Over 200 arrested at “Freedom Day” protest in Belarus, but turnout was low

Over 200 arrested at “Freedom Day” protest in Belarus, but turnout was low
Over 200 protesters were arrested during the "Freedom Day" protests in Belarus, the first large rally of the spring season, but the turnout was disappointingly small
By Ben Aris in Berlin March 26, 2021

Belarusian police arrested over 200 protesters during Belarus’ Freedom Day demonstrations on March 25, the first big protests of the spring season, although the turnout was disappointingly small.

Demonstrators were answering the call by opposition leader Svetlana Tikhanovskaya to take to the streets in large numbers for the first time since the winter closed in on the small Republic.

"Currently, over 200 people are apprehended for violation of the legislation on mass events. Every single case will be inspected by the law enforcement. We will get to the bottom of every situation," the Ministry of the Interior spokeswoman Olga Chemodanova said in her Telegram channel.

Military vehicles were sent into the city centre to quash the scattered groups of protesters, with riot police using water cannon on demonstrators.

The pro-opposition Nexta Telegram channel helped co-ordinate the demonstrations, telling anti-Lukashenko protesters to join flash mobs.

There are no estimates of the number of participants but it was clearly well below the tens of thousands that took to the streets last year. Reports describe small groups marching through courtyards and streets of Minsk in a tactic designed to avoid clashes with the police and wide-scale arrests like those during the massive protest gatherings of 2020.

Videos on social media showed police arresting people holding the red-and-white flags that are an emblem of the opposition to President Alexander Lukashenko. According to the activists, most people (68) were apprehended in Minsk.

In one video the veteran demonstrator Nina Bahinskaya, a 73-year-old pensioner, who has been protesting against the Lukashenko regime for years, was giving a short interview when the woman behind her was snatched by a masked security officer and bundled into a waiting van.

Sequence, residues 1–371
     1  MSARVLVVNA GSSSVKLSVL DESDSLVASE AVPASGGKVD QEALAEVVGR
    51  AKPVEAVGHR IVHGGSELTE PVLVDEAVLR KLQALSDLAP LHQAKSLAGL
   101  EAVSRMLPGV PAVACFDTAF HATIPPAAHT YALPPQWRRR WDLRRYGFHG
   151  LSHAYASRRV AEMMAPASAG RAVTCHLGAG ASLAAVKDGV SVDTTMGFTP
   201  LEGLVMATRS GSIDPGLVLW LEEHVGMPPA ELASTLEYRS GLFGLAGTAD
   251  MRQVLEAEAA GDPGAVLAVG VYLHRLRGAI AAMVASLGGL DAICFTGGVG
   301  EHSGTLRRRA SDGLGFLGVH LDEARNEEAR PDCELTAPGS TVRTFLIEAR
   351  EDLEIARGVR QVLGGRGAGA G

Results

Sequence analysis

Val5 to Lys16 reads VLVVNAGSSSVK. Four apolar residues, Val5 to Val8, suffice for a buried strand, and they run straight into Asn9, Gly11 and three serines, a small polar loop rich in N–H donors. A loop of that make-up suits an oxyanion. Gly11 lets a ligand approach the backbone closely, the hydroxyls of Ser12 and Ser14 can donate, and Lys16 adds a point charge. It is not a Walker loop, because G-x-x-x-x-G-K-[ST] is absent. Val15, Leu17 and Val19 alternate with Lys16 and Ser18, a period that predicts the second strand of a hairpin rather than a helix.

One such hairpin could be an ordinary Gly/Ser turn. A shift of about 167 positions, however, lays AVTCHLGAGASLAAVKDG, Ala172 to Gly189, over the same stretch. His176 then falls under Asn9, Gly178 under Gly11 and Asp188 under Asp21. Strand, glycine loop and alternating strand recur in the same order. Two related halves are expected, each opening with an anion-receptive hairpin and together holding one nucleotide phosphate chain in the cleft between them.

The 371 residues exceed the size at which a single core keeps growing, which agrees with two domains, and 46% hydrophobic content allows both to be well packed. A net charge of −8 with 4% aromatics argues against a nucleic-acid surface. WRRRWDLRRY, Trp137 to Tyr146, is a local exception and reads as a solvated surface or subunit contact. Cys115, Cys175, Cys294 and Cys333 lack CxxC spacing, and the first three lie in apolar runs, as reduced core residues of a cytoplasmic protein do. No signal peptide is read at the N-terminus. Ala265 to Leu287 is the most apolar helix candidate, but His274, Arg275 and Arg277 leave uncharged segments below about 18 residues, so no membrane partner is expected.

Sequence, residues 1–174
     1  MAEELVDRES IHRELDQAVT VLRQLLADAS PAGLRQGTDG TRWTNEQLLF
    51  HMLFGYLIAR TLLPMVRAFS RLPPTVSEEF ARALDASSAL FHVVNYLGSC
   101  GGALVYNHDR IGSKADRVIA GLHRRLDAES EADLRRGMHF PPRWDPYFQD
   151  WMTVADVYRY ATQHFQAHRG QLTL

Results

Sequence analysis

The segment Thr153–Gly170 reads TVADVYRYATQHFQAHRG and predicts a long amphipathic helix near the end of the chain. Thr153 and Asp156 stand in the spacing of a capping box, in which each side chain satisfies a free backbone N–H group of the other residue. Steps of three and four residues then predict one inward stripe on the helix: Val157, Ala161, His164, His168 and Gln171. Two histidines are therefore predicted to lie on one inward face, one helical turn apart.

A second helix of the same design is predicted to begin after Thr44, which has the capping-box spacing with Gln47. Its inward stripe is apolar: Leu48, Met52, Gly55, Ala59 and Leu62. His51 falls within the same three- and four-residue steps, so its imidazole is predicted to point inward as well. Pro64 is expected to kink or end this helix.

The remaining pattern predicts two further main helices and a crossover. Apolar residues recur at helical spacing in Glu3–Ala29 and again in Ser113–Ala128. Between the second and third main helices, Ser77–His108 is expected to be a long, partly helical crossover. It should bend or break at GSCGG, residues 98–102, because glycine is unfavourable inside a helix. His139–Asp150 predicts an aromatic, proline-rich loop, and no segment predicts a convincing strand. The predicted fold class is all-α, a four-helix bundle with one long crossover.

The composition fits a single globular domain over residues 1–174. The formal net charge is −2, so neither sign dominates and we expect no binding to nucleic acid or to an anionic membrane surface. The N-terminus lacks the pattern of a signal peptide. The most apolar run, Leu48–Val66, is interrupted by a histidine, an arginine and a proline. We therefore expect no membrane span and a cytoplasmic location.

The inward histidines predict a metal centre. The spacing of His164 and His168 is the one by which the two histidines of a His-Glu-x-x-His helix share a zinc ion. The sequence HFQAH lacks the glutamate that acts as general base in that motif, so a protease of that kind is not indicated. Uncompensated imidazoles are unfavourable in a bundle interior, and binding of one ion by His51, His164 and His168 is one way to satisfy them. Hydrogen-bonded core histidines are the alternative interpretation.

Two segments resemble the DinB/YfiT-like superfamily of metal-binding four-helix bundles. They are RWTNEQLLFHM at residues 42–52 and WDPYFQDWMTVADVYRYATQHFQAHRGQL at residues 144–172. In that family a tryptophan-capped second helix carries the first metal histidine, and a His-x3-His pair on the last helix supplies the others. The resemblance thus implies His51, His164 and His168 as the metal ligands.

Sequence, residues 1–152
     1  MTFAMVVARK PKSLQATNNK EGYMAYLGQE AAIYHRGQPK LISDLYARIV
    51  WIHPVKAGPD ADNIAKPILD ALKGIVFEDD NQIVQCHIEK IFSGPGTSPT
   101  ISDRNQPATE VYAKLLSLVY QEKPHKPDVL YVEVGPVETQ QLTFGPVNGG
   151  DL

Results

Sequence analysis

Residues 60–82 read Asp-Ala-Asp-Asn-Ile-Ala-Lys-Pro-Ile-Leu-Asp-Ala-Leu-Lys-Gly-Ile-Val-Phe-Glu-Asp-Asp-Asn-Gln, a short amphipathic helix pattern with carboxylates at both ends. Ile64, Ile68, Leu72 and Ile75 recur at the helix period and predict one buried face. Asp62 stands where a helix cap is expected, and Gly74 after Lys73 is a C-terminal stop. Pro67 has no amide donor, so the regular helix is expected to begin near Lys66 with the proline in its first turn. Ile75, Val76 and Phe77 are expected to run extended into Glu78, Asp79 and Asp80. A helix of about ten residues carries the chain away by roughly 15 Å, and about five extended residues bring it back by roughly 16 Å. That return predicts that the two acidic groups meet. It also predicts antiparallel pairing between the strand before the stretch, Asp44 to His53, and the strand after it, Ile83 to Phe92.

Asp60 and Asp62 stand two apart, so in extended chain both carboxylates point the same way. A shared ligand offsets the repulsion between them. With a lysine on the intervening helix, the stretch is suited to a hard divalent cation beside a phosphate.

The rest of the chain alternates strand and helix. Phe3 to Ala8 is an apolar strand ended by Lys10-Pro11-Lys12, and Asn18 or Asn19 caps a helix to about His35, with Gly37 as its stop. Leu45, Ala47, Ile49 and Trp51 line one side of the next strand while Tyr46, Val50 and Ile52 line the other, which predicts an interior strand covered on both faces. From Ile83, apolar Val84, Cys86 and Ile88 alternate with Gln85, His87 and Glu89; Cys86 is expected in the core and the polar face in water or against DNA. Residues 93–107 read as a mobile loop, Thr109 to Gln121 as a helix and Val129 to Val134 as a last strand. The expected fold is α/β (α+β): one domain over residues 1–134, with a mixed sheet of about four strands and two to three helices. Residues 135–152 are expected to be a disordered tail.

More than 33,000 people were arrested during last year's protests, many of them being beaten by police. Some of those arrested have been given long prison sentences, including two journalists who were sentenced in February to two years in prison for covering the protests.

“Freedom Day" is an unofficial holiday that celebrates the short life of the independent Belarusian People’s Republic that declared its independence from Soviet Russia in 1918 but the succession bid was crushed by the Soviet Red Army a few months later.

Protests have been continuous since the disputed August 9 elections last year that saw Belarus' self-appointed President Alexander Lukashenko returned by a landslide according to the official results.

With spring on its way the opposition leaders, now almost all living in exile, have promised to restart the weekend mass protest that saw up to 200,000 people take to the streets every Sunday before the freezing weather arrived.

The protests come as the Belarusian government cracked down on a group representing the country's Polish minority. Several top leaders of the Union of Poles in Belarus were arrested on March 25 for inciting social hatred. A day earlier the head of the group, Andzelika Borys, was arrested for violating mass gathering rules, Deutsche Welle reports. She has been charged with inciting social hatred, a charge that carries up to 12 years in prison if convicted.

Poland has been a vocal supporter of the opposition and pushed for EU sanctions on Lukashenko and his entourage almost as soon as the protests broke out last Augusts. Poland has also offered sanctuary to Belarusians fleeing Lukashenko’s brutal crackdown.

The Baltic states of Lithuania, Latvia and Estonia have also been ardent supporters of the opposition and implemented new sanctions against Belarus on March 25 targeting over 100 Belarusian officials with travel bans.

More protests are scheduled for Saturday as the opposition attempts to rebuild the protest momentum. However, the smaller crowds make it is easier for the authorities to crack down on demonstrations and they have used violence and intimidation to try to prevent the large crowds coming on to the streets that overwhelmed the security services for most of the weekend demonstrations last year.

The US Embassy called on Belarusian authorities to stop their repression the same day, saying that "The United States congratulates the people of Belarus on the March 25 anniversary and looks forward to the day when the people of Belarus will define their own future."